The first draft of Houston’s proposed Non-discrimination ordinance has officially been unveiled to the public and will be introduced to the City Council in the coming days (IT IS AVAILABLE HERE). In short, and to answer everyone’s question, the ordinance protects LGBT rights in private employment…sometimes. As I have previously elucidated, discrimination is typically legislated against in three ways. First, the government prohibits any internal discrimination of its own, be that in public employment, public services or in the private companies it contracts therewith. Second, discrimination in public accommodations is prohibited. This hails back to the days of the Civil Rights movement, when the original bills on these topics were aimed to combat bus lines, restaurants or bars that had segregated sections. Similarly, this proposed ordinance would ban, for example, a restaurant denying service to a gay patron.
But what if the restaurant had a lesbian employee who was fired upon coming out to her boss? That is what the third section of the ordinance, regarding private employment, deals therewith. I cannot say that I have heard of all too many cases of private employers firing people because of their sexual orientation, and given that Texas uses at-will employment it would be enormously silly to choose such a route for termination. However, the principle of protecting LGBT populations is important nonetheless, important enough to necessitate pertinent legislation on the subject. Just one person being fired for such an asinine reason is one too many.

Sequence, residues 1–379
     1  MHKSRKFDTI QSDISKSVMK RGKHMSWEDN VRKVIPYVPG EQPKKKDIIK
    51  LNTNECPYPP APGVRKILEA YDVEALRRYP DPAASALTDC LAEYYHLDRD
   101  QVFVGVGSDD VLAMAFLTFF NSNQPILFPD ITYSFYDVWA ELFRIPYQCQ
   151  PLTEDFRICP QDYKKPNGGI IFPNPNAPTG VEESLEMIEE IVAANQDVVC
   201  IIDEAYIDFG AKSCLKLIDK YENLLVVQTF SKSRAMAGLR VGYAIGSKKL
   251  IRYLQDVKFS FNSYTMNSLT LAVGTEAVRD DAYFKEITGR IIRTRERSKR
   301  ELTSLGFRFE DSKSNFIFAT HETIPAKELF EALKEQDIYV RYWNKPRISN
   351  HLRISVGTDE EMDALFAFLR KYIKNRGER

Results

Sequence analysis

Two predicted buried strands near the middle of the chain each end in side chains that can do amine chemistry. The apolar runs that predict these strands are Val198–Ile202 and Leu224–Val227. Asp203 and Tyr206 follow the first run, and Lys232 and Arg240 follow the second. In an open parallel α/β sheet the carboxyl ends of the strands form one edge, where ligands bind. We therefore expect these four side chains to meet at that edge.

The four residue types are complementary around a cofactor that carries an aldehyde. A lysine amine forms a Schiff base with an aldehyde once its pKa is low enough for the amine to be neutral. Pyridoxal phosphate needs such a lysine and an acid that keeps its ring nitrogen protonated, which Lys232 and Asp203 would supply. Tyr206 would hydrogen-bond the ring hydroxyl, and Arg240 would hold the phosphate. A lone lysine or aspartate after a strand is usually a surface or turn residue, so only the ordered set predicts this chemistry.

Specifically, the private employment provisions only apply to businesses of at least 50 employees or more. In an ideal world, that distinction would not be added, but I am comfortable with its inclusion. Additionally, a broad range of religious organizations would also be exempted from the ordinance. Obviously, a gay Catholic priest should not be able to sue if he comes out, it would be excessive for him to bring suit against the Church for discrimination. However, the lines are somewhat blurred if, say, a religious hospital fires a physician or some other purely civilian occupation for sexual orientation. The ordinance explicitly notes that school and universities may be considered “religious organizations” if they are parochial, though it remains silent on institutions such as hospitals.
“Equal protection under law is a cornerstone of our democracy and [this ordinance] will help ensure that all citizens and guests to our City experience that inclusiveness and diversity for which Houston is known,” Councilmemebr Ellen Cohen said. “For these reasons, I strongly support this ordinance and, at the Mayor’s request, am advocating amongst my colleagues on the Council for its passage.”
Among other City Councilmemebrs, Stephen Costello’s office said he had “generally favorable” opinions of the ordinance, while most others refrained from taking any definitive position until they finished thoroughly looking over the draft ordinance.